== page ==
Many of the finest indie pop records in recent years have stepped out of traditional C-86 jangle pop only to find sanctuary in the sketchy nature of electronic music and synths. Spirit Ocean, the bedroom project of Zeon Gomez and Nyssa Ebora, belongs to this pool of wistful synth-pop nostalgists channelling heartbreak and teenage infatuation with girly cuteness.

Their new track “In The Afternoon” is crafted with optimist spirit despite the sad, worn-out lyrics fuming all over. You can feel and breathe every element present: sunny, casio-toned synth chords that provide the song’s clear melodic anchor, whimsical melodies enough to carry this song to the end of the rainbow curvature, and Nyssa’s daydream-lite vocals—a relentless pursuit of beauty and innocence wrapped in Technicolor coating. It’s every inch pretty and melancholic, making music about having your heart ripped out while making it sound like they’re having fun. Stream it below and download it here.

February 25, 2013

NEW TRACK: Similar Objects - "TheyDream"

Emerging unscathed from the success of “Mimimomomumu”—a Mariah Carey-sampling, fractal-soul earworm that managed to gather 59,000 streaming views on Youtube in just 2 months of its release, Similar Objects returns to what he does best: exploring the nocturnal end of ‘90s R&B while weaving his way around a lightly syrupy, sensual production reminiscent of Miguel’s Kaleidoscope Dream. His new single “TheyDream” is a midnight jam drenched in smooth sex, with gorgeous soulful croon to back it up. Jorge’s vocals glide atop richly textured beats and intimate electronics, darting through comforting emotions of infatuation and sex, and everything in between.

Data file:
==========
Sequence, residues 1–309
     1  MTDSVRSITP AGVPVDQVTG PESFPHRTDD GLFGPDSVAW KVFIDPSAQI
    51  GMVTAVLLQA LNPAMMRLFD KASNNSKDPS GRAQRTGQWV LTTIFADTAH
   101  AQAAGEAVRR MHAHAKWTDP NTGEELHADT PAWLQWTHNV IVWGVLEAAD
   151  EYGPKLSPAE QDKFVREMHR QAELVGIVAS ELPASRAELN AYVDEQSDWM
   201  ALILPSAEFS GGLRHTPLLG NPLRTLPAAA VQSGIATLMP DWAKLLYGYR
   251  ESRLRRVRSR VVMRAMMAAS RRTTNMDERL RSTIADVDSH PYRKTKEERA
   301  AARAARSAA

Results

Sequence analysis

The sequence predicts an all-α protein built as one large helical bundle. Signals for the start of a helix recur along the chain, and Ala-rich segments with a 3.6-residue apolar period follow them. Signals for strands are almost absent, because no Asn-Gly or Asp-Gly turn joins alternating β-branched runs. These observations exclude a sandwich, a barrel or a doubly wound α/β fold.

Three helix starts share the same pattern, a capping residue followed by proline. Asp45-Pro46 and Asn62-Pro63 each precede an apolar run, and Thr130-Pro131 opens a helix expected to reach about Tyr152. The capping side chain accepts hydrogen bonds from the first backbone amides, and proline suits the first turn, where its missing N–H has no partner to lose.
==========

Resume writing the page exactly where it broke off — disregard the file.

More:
It’s erotic and dreamlike, you’re almost in for a fantasy ride. Stream the track below:

February 22, 2013

NEW VIDEO: Eyedress - "My Hologram (Nothing Special)"

When he’s not making gorgeous glo-fi pop on his own, Idris Vicuna mans directorial duties, whether it's for his friend’s music video or his. And if there’s something that’s become increasingly apparent in the past few months, it’s that his videos contain quirky and interesting storylines mainly featuring hot fashionable women who are either slightly deranged or high on drugs. “My Hologram (Nothing Special)” keeps up with the tone of his previous videos—slick and low-key, psychedelic but brimming with life and color. That said, it conjures an aesthetic that makes you like a song even more, carried out with whimsical surrealism that’s so sublime it’s almost real. Watch it.

NEW TRACK: August Wahh - "Starborn"

August Wahh has one of those voices that bounce back like an echo and resonate inside one's mind, soothing and refreshing the weary body at the same time.